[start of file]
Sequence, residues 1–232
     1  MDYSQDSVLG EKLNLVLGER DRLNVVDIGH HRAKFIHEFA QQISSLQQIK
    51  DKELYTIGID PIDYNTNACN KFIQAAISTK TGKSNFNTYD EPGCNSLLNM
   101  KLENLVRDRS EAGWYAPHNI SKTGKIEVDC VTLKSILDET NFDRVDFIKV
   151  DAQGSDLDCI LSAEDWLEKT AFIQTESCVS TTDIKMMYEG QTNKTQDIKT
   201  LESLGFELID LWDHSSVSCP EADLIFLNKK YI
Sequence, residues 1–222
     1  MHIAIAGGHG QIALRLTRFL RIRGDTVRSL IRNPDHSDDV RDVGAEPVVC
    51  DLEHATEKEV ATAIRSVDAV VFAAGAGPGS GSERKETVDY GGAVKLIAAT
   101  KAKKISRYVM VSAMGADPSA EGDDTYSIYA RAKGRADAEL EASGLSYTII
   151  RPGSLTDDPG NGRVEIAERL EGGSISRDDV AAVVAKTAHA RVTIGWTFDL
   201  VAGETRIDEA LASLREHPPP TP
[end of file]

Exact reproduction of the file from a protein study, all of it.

Sequence, residues 1–232
     1  MDYSQDSVLG EKLNLVLGER DRLNVVDIGH HRAKFIHEFA QQISSLQQIK
    51  DKELYTIGID PIDYNTNACN KFIQAAISTK TGKSNFNTYD EPGCNSLLNM
   101  KLENLVRDRS EAGWYAPHNI SKTGKIEVDC VTLKSILDET NFDRVDFIKV
   151  DAQGSDLDCI LSAEDWLEKT AFIQTESCVS TTDIKMMYEG QTNKTQDIKT
   201  LESLGFELID LWDHSSVSCP EADLIFLNKK YI
Sequence, residues 1–222
     1  MHIAIAGGHG QIALRLTRFL RIRGDTVRSL IRNPDHSDDV RDVGAEPVVC
    51  DLEHATEKEV ATAIRSVDAV VFAAGAGPGS GSERKETVDY GGAVKLIAAT
   101  KAKKISRYVM VSAMGADPSA EGDDTYSIYA RAKGRADAEL EASGLSYTII
   151  RPGSLTDDPG NGRVEIAERL EGGSISRDDV AAVVAKTAHA RVTIGWTFDL
   201  VAGETRIDEA LASLREHPPP TP